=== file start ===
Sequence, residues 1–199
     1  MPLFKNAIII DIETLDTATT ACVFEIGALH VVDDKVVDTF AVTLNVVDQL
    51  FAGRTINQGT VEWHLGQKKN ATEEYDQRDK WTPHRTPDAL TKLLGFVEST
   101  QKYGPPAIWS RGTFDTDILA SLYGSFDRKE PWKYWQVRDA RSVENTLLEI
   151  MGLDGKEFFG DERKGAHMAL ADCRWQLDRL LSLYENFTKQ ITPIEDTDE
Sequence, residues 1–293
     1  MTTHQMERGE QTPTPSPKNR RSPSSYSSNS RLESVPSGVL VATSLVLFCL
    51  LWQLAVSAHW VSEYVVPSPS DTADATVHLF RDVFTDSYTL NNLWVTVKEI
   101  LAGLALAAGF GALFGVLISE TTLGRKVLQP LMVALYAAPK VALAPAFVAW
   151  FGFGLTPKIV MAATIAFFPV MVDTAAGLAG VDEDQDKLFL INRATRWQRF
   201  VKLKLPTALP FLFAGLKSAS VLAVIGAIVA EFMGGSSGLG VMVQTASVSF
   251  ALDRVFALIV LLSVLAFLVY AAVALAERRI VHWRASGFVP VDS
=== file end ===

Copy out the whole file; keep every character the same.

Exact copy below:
Sequence, residues 1–199
     1  MPLFKNAIII DIETLDTATT ACVFEIGALH VVDDKVVDTF AVTLNVVDQL
    51  FAGRTINQGT VEWHLGQKKN ATEEYDQRDK WTPHRTPDAL TKLLGFVEST
   101  QKYGPPAIWS RGTFDTDILA SLYGSFDRKE PWKYWQVRDA RSVENTLLEI
   151  MGLDGKEFFG DERKGAHMAL ADCRWQLDRL LSLYENFTKQ ITPIEDTDE
Sequence, residues 1–293
     1  MTTHQMERGE QTPTPSPKNR RSPSSYSSNS RLESVPSGVL VATSLVLFCL
    51  LWQLAVSAHW VSEYVVPSPS DTADATVHLF RDVFTDSYTL NNLWVTVKEI
   101  LAGLALAAGF GALFGVLISE TTLGRKVLQP LMVALYAAPK VALAPAFVAW
   151  FGFGLTPKIV MAATIAFFPV MVDTAAGLAG VDEDQDKLFL INRATRWQRF
   201  VKLKLPTALP FLFAGLKSAS VLAVIGAIVA EFMGGSSGLG VMVQTASVSF
   251  ALDRVFALIV LLSVLAFLVY AAVALAERRI VHWRASGFVP VDS